Who does Nancy Pelosi represent? The Democratic members of the House of Representatives or the people of San Francisco? New York Congresswoman-elect Alexandria Ocasio-Cortez recently voiced the opinion that Pelosi appeared to be the most progressive choice available to lead House Democrats in the upcoming congressional term when the party’s leader will presumably assume the position of Speaker of the House – or re-assume it, in the case of Pelosi. And since no challenger to Pelosi ever actually emerged, it’s hard to fault Ocasio-Cortez’s assessment. On the other hand, Pelosi’s response to President Trump’s recently announced intention to withdraw American troops from Syria is just the latest instance of the House Democrats’ leader taking a foreign policy stance out of sync with the expressed views of her base.
Taking issue with Trump’s claim that U.S. military goals had been achieved, Pelosi’s official statement argued that “It is premature for the President to declare a sweeping victory against ISIS when, just a few weeks ago, our military led more than 250 coalition-conducted airstrikes against targets in Iraq and Syria.” While time will tell whose military assessment is the more accurate, we should not miss the point that Pelosi apparently considers those “250 coalition-conducted airstrikes” to be something she stands behind, or at the least considers an acceptable activity. Apparently perceiving no problem concerning the legal basis for this intervention, she concludes by declaring that “The American people deserve a smart, strong and strategic Syria policy that keeps America safe, protects our interests and advances peace in the region.”
Pelosi has cast some good foreign policy votes and some bad ones, but has in no way adhered to the antiwar profile set by the groups she supposedly answers to.
It just so happens that the San Francisco Democratic County Central Committee has weighed in with its take on what might constitute “a smart, strong and strategic Syria policy” in a April 26, 2017 resolution that called upon Pelosi and the city’s other congressional representative, Jackie Speier, to cosponsor Oakland Representative Barbara Lee's HR 1473, “The Prohibit Expansion of Combat Troops Into Syria Act,” which aimed to limit any future Syrian deployment of troops or military contractors to "rescuing or protecting members of the United States Armed Forces from imminent danger." At a point when there were approximately 900 American troops already in Syria, the Central Committee, which is the official voice of the city’s Democratic Party, declared that "the route to peace and national security does not lie in undertaking ‘just one more invasion.'"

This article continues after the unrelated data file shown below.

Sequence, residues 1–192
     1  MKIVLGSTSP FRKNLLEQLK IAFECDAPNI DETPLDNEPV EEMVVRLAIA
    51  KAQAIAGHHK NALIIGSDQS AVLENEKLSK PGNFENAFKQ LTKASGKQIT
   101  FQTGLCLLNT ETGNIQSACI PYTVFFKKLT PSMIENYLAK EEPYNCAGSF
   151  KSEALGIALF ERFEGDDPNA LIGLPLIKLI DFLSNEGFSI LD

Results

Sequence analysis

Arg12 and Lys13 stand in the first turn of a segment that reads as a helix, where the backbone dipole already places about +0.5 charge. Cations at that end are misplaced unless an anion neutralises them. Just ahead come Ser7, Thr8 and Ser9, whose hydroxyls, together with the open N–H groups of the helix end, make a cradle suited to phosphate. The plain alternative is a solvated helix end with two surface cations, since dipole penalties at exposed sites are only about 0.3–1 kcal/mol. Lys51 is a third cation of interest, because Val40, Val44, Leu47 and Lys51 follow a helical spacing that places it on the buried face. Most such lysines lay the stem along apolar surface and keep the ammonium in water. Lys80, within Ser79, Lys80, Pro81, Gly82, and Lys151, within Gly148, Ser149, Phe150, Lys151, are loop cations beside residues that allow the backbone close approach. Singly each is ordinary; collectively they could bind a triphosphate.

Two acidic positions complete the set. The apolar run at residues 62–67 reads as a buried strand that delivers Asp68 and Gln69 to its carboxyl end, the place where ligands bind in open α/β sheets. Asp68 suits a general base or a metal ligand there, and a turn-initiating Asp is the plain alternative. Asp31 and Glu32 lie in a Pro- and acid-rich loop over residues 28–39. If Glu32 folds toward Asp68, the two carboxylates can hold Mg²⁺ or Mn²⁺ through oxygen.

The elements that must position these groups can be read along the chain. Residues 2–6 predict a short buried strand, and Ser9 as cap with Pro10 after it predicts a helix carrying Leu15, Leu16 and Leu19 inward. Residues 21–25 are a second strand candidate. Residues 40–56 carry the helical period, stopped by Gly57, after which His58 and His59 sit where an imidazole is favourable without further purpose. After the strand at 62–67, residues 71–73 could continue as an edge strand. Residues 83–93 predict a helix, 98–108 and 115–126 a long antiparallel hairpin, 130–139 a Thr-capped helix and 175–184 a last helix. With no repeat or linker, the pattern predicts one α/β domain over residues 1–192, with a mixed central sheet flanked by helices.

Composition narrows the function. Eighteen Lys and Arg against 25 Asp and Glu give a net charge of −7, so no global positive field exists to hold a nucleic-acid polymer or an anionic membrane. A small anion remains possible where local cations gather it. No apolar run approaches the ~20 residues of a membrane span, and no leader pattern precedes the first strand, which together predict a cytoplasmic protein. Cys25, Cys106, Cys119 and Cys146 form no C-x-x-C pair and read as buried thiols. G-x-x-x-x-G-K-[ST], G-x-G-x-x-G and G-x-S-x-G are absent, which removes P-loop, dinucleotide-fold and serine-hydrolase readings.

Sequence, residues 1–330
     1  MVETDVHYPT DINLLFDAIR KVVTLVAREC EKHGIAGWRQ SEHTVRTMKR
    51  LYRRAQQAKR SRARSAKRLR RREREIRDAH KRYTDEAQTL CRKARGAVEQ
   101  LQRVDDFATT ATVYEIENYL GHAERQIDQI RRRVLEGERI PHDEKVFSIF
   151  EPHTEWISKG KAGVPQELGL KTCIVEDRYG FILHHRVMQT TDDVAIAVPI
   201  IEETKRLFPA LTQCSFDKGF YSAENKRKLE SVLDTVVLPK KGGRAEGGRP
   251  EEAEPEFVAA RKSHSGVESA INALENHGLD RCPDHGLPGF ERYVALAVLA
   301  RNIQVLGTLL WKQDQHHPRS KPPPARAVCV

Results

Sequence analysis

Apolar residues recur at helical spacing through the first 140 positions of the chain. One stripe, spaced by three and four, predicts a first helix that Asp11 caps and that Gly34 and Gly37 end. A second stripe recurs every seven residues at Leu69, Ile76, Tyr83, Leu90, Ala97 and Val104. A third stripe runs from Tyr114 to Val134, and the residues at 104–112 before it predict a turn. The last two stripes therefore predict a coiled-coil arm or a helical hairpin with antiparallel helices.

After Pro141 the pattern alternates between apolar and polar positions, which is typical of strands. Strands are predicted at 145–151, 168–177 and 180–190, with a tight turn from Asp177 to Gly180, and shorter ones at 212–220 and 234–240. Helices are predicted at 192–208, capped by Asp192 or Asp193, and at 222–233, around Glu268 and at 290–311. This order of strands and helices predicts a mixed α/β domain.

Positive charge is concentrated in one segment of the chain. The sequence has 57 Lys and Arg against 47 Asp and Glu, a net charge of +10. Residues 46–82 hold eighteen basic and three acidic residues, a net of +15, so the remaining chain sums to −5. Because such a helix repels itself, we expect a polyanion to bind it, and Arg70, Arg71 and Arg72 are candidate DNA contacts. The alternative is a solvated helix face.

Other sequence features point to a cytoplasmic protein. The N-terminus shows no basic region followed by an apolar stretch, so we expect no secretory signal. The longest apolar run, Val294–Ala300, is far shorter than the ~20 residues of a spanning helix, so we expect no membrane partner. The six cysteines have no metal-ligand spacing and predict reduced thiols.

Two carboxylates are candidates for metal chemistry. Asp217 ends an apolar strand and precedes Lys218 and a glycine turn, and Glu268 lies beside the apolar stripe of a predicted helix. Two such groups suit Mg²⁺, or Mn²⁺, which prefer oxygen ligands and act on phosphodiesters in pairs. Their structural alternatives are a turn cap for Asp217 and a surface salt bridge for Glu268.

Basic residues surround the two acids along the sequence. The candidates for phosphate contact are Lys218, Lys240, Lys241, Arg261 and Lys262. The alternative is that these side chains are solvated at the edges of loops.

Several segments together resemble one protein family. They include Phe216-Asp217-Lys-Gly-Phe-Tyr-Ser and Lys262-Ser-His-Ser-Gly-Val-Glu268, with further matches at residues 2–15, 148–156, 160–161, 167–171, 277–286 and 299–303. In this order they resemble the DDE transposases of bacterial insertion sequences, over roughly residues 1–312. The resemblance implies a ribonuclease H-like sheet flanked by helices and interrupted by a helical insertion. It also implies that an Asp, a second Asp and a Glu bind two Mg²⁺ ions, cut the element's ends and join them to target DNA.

No such co-sponsorship was forthcoming. Nor was this the first time that Pelosi would be unmoved by the expressed will of her base: In November, 2008, 60 percent of the city’s voters backed a ballot question specifically declaring it city policy that its "elected representatives in the United States Senate and House of Representatives should vote against any further funding for the deployment of United States Armed Forces in Iraq, with the exception of funds specifically earmarked to provide for their safe and orderly withdrawal." Nor would it be the last: At their most recent convention, in February of this year, the California Democratic Party adopted a platform advocating “ending air strikes in Afghanistan, ... a timetable for the withdrawal of all American military forces and military contractors” and opposing “further appropriations for such operations,” with the usual caveat of “those necessary for safe and orderly withdrawal of our troops.”
Over this period, Pelosi has cast some good foreign policy votes and some bad ones, but has in no way adhered to the antiwar profile set by the groups she supposedly answers to. Indeed in the most recent budget debate earlier this year, she declared that “In our negotiations, Congressional Democrats have been fighting for increases in funding for defense.” This despite the well known fact that this country’s military expenditures were already the size of the combined total of the next seven largest national military budgets – while the streets of her city were teeming with encampments of the homeless.
Ever since Pelosi entered the congressional leadership of her party, the nature of the representation she offers has been an ambiguous thing. Does she answer primarily to the House Democratic Caucus? If so, as noted above, she may be considered to be doing a reasonable job, there being many Democrats more progressive than her and many less. But at least as far as foreign policy matters go, although there may be many districts where a representative with her voting profile might be considered progressive in comparison to that of a likely Republican alternative – districts in, say, Nebraska or maybe even Orange County, California – the record would seem to show that her San Francisco district is not one of them. So far as military interventions go, we surely don’t appear to be the constituency that matters to her.